The UK’s National Cyber Security Centre (NCSC – a part of GCHQ) just published new guidance. Is this an important resource that the industry needs to sit up and take notice of, or is this niche government-specific stuff of no interest to anyone else? To decide, it’s worth understanding the context.
What is the guidance?
The guidance is called Security Principles for Cross Domain Solutions – https://www.ncsc.gov.uk/collection/cross-domain-solutions. It underpins the work Garrison’s been doing with NCSC for some time (the Cross Domain Industry Pilot – https://www.ncsc.gov.uk/blog-post/ncsc-cross-domain-industry-pilot-stage-2) so we’re pretty familiar with it. But for most people, the content is completely new.
Many people still think that the way governments protect their most sensitive systems is with an “air gap” – just not connecting those systems to anything else. In practice, that’s a decade or more out of date. How governments actually protect those most sensitive systems is using Cross Domain Solutions, or CDS. These are the solutions that are used to connect highly sensitive systems to less trusted systems.
So what NCSC is publishing here are the principles that underpin the way the UK protects its most sensitive systems.
Other countries also have guidance for CDS. In the USA for example, the NCDSMO organisation (part of the NSA) has its “Raise the Bar” guidance – but it’s marked “For Official Use Only”, and it’s very much aimed at a small community of specialists. What makes the NCSC’s initiative remarkable is that it’s published on the web for all to see (including the UK’s adversaries) and that real effort has gone into trying to make it readable by outsiders who don’t live in the world of UK classified systems.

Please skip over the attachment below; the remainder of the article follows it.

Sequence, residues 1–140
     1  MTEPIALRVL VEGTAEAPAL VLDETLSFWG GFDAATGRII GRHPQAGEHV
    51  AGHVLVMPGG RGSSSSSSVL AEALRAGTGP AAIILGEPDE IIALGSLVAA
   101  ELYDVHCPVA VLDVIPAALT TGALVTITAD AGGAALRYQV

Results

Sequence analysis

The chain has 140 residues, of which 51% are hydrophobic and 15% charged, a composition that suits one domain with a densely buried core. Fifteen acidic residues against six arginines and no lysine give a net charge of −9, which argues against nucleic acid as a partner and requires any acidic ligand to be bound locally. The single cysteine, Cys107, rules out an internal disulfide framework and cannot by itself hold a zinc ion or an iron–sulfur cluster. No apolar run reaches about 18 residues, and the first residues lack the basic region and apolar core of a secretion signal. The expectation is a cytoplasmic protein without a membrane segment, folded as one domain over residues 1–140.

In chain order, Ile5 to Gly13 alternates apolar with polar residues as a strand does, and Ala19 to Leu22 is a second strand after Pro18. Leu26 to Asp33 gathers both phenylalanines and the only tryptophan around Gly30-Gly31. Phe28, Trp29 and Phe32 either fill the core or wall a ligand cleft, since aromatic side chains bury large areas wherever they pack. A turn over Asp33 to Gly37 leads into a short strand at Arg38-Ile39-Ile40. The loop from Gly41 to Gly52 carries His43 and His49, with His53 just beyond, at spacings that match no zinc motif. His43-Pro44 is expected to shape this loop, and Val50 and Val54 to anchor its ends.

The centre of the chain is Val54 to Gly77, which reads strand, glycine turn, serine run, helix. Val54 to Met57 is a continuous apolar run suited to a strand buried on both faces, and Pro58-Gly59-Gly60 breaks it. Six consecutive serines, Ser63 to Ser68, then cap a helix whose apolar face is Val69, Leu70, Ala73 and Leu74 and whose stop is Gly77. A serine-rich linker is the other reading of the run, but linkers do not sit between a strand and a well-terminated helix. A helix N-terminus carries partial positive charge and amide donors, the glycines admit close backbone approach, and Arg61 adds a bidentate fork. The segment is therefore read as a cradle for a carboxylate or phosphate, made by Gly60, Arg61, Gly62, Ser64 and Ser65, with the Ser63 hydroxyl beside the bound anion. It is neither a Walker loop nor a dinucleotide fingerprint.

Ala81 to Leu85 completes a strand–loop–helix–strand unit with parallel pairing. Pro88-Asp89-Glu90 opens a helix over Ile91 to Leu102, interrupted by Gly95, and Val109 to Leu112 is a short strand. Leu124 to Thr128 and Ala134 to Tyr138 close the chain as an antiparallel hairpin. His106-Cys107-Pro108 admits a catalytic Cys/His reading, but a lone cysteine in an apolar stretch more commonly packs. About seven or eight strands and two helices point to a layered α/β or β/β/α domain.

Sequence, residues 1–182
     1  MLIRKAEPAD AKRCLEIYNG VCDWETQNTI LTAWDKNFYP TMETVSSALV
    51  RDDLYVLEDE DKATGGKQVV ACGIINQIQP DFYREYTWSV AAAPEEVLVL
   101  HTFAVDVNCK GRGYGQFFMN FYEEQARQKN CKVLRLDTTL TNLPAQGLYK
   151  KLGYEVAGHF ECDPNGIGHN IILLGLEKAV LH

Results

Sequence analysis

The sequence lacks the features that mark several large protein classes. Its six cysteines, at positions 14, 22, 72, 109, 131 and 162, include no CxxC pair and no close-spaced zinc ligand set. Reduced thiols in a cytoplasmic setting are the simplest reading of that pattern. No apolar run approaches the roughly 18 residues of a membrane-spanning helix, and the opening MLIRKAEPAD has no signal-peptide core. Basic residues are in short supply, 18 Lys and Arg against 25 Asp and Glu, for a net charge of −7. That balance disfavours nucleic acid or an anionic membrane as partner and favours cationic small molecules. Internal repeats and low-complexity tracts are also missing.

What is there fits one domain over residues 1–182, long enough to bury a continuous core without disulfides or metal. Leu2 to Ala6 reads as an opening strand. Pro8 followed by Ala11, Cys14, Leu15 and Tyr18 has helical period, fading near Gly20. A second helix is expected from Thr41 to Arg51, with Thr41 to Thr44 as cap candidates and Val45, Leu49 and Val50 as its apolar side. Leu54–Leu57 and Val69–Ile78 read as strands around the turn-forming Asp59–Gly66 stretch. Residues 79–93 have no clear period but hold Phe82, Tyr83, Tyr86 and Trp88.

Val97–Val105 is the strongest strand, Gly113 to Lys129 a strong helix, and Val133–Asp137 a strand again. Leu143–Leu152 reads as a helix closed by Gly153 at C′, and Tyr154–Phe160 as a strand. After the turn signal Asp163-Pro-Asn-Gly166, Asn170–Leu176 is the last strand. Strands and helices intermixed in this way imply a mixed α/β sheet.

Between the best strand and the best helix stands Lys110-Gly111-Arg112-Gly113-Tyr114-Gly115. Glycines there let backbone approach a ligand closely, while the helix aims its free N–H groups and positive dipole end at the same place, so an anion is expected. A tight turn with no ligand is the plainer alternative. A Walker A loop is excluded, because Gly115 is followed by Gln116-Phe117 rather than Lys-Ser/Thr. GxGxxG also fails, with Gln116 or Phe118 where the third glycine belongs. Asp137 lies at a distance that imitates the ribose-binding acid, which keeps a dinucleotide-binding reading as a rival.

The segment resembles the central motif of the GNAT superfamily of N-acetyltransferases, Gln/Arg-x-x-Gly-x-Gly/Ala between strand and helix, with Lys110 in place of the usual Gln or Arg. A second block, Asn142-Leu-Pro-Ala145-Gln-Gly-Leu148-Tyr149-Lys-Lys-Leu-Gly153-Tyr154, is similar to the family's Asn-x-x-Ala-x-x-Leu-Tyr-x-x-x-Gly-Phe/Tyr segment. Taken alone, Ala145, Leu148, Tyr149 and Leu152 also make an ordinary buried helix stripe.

So is it relevant to mainstream enterprises?
The critical message from the NCSC guidance is this: there is hope. It is possible to protect against even highly sophisticated cyber threats. That’s a really valuable counterpoint to the common argument that “you can’t protect against these things: the only option is to monitor, respond and recover”.
So the real question is: is it practical for mainstream organisations to adopt the NCSC’s guidance?
The answer today is mixed. We’re not yet in a position where mainstream organisations can adopt this guidance wholesale. The market simply hasn’t yet delivered a good enough portfolio of products to support this approach while continuing to enable all the services that modern business relies on.
However, the market is now starting to deliver products that follow these principles but, at the same time, really are good enough to support modern business practices. (Of course, Garrison is one of them). So for mainstream commercial enterprises I think the message is this: if you’re going to buy technology to protect your systems, measure it against these principles. It may be that nothing matches up – but if there’s a product that does, in NCSC’s view it’s likely to be more effective at keeping you safe than a product that doesn’t.
So – back to the day job: delivering a great product at a great price, while providing NCSC (and others) with the evidence that it really does follow the principles and can be trusted to protect even the most sensitive systems.